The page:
The 23,000 seventh and ninth graders in Prince george's County will be retested on part of a statewide achievement examination next month because some were accidently given actual test questions during a pratice session.

The retesting in the language arts sections of the Iowa Test of Basic Skills, planned for the last two weeks of April, will cost the county $8,950, according to county school spokesman John R. Aubuchon.

He said the problem started when two teachers inadvertently gave some of their students actual questions during a practice. The two teachers then "shared" the practice questions they had used and they were more widely distributed for use in other practice sessions.

"We don't know how many students took the test" after seeing the real questions in practice, Aubuchon said.

He said an investigation has determined that the two teachers' action was "accidental and not malicious."

Aubuchon declined to disclose the names of the teachers, the school or schools to which they are assigned, or what actions, if any, would be taken against them.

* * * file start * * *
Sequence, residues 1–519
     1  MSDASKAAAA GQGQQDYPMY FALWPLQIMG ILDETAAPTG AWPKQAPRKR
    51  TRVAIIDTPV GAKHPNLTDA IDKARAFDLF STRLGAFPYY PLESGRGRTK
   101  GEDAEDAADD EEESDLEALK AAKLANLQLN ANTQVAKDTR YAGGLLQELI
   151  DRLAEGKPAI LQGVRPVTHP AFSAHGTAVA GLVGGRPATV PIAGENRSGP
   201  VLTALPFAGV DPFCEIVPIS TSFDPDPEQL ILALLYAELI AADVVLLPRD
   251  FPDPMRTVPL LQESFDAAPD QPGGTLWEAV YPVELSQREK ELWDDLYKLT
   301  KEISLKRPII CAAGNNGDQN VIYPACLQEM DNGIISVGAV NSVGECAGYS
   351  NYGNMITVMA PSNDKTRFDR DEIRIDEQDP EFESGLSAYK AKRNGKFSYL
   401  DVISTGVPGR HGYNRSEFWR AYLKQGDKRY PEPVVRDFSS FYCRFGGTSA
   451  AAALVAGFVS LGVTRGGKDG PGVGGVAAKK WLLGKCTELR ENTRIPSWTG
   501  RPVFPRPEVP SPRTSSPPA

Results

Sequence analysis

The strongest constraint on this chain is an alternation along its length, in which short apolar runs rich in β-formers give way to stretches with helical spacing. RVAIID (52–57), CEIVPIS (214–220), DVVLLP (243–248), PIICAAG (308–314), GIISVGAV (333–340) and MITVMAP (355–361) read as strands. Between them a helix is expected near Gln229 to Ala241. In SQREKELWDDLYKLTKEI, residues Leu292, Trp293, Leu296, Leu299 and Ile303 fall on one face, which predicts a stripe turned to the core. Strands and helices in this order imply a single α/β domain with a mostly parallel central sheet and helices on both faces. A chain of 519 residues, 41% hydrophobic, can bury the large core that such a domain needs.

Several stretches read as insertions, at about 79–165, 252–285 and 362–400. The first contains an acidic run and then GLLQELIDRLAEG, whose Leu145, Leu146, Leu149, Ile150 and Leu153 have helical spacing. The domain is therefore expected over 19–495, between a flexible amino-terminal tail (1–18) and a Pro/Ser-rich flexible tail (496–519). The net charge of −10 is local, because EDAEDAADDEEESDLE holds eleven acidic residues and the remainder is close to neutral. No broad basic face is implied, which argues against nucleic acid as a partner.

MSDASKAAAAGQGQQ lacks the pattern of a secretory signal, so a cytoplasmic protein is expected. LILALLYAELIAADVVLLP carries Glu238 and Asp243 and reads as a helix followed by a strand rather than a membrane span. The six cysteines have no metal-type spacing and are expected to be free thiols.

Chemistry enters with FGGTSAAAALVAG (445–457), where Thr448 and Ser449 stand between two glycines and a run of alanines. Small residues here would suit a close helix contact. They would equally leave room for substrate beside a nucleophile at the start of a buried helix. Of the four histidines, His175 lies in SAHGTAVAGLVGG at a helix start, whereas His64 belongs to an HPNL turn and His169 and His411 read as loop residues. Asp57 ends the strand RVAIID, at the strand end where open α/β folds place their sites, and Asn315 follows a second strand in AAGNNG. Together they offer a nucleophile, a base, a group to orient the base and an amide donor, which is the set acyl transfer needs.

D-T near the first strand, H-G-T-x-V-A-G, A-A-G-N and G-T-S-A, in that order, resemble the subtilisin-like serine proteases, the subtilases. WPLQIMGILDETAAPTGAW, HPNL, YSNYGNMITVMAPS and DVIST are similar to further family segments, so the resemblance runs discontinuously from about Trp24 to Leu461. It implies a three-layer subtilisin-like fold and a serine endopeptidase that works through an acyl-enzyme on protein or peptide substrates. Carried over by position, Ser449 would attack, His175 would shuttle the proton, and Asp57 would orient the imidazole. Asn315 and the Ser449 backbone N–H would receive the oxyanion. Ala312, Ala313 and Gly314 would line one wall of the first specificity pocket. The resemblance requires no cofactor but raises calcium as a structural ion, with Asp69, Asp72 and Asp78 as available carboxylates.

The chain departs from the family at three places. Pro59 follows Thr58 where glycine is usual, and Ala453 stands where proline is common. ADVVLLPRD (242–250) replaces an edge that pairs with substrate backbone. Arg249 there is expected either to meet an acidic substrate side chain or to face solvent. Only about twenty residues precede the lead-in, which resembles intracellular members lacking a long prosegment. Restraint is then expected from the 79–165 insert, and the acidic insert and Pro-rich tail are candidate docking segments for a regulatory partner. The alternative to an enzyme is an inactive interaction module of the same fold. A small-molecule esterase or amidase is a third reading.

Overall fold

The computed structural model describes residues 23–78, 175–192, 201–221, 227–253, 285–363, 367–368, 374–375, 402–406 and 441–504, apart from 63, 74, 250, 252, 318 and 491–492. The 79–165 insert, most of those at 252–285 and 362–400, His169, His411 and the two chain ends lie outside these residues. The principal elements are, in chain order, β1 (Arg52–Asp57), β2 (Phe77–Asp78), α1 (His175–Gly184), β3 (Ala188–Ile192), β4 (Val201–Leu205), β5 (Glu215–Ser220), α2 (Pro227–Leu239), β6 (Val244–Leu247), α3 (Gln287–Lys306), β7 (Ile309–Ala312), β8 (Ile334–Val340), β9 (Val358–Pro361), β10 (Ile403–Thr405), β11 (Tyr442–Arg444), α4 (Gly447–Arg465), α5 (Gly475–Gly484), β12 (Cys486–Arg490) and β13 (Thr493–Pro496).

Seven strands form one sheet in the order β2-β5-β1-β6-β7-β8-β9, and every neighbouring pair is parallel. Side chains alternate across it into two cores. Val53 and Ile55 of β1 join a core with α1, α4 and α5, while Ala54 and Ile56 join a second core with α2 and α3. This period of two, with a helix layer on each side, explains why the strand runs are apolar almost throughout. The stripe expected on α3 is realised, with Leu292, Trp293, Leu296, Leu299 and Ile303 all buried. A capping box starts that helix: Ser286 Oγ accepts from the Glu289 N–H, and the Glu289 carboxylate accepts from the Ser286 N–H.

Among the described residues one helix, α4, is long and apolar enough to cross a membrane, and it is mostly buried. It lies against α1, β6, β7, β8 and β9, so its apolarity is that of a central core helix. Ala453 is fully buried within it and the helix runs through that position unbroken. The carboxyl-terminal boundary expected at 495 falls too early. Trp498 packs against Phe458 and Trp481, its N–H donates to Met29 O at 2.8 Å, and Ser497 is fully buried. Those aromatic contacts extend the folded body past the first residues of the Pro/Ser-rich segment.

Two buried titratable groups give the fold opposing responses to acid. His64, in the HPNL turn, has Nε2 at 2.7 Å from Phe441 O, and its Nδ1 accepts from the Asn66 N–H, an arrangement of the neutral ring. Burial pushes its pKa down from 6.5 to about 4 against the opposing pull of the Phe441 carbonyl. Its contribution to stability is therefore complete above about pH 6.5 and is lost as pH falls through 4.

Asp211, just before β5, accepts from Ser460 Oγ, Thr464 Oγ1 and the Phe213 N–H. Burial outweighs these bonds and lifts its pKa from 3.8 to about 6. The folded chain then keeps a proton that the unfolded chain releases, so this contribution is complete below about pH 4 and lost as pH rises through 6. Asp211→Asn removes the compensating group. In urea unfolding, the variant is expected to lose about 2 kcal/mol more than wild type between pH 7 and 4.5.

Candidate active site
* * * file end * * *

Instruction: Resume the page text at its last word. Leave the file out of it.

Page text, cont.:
The students did not know they were taking real test questions during the practice session, Aubuchon said.

"Obiviously we will look at the manner in which (the test) were handled. There may possibly be a reevaluation of our prosedure," Aubuchon said.

The Iowa tests are given annually to all third, fifth, seventh and ninth grade students in Maryland in an attempt to determine their academic achievement and assess areas of individual tutorial needs, according to Aubuchon.

After the 75-minute language arts section of the test given several weeks ago, "some of the students told their teachers that they had seen the same questions on practice sessions," Aubuchon said.

An investigation headed by Deputy Superintendent Allan I. Chotiner determined what had happened, he said.

According to Ben Creson, spokesman for the Maryland Board of Education, the Iowa tests are distributed to the principal of each school, who must keep them under lock and key. The principal may then desinate a teacher to be responsible for the tests, if he chooses.

Creson said it was a "logical" to assume that the tests were inadvertently distributed by either a principal or a teacher-designee in one of the Countys 42 junior high schools.